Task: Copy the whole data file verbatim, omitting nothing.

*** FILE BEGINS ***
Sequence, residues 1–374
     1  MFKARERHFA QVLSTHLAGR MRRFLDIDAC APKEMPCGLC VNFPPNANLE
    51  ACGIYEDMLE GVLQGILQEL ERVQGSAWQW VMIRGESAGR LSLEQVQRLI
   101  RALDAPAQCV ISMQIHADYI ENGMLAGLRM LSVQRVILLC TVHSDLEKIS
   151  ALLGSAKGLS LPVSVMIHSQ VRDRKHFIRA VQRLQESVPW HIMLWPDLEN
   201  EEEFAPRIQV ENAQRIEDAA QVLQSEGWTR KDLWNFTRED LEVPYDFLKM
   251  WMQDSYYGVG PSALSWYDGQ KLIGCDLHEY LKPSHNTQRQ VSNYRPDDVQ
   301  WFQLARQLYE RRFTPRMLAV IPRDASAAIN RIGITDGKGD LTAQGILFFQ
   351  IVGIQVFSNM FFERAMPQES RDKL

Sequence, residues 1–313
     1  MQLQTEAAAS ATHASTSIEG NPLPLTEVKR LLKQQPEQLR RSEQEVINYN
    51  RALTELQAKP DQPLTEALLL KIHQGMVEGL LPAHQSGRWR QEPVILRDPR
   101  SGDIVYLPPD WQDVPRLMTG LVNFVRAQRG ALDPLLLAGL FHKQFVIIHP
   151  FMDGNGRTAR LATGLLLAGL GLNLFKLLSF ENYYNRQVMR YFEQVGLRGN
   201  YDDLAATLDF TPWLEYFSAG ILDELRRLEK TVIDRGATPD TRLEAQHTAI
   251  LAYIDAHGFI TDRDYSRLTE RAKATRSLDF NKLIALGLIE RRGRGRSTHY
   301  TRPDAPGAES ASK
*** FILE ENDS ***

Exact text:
Sequence, residues 1–374
     1  MFKARERHFA QVLSTHLAGR MRRFLDIDAC APKEMPCGLC VNFPPNANLE
    51  ACGIYEDMLE GVLQGILQEL ERVQGSAWQW VMIRGESAGR LSLEQVQRLI
   101  RALDAPAQCV ISMQIHADYI ENGMLAGLRM LSVQRVILLC TVHSDLEKIS
   151  ALLGSAKGLS LPVSVMIHSQ VRDRKHFIRA VQRLQESVPW HIMLWPDLEN
   201  EEEFAPRIQV ENAQRIEDAA QVLQSEGWTR KDLWNFTRED LEVPYDFLKM
   251  WMQDSYYGVG PSALSWYDGQ KLIGCDLHEY LKPSHNTQRQ VSNYRPDDVQ
   301  WFQLARQLYE RRFTPRMLAV IPRDASAAIN RIGITDGKGD LTAQGILFFQ
   351  IVGIQVFSNM FFERAMPQES RDKL

Sequence, residues 1–313
     1  MQLQTEAAAS ATHASTSIEG NPLPLTEVKR LLKQQPEQLR RSEQEVINYN
    51  RALTELQAKP DQPLTEALLL KIHQGMVEGL LPAHQSGRWR QEPVILRDPR
   101  SGDIVYLPPD WQDVPRLMTG LVNFVRAQRG ALDPLLLAGL FHKQFVIIHP
   151  FMDGNGRTAR LATGLLLAGL GLNLFKLLSF ENYYNRQVMR YFEQVGLRGN
   201  YDDLAATLDF TPWLEYFSAG ILDELRRLEK TVIDRGATPD TRLEAQHTAI
   251  LAYIDAHGFI TDRDYSRLTE RAKATRSLDF NKLIALGLIE RRGRGRSTHY
   301  TRPDAPGAES ASK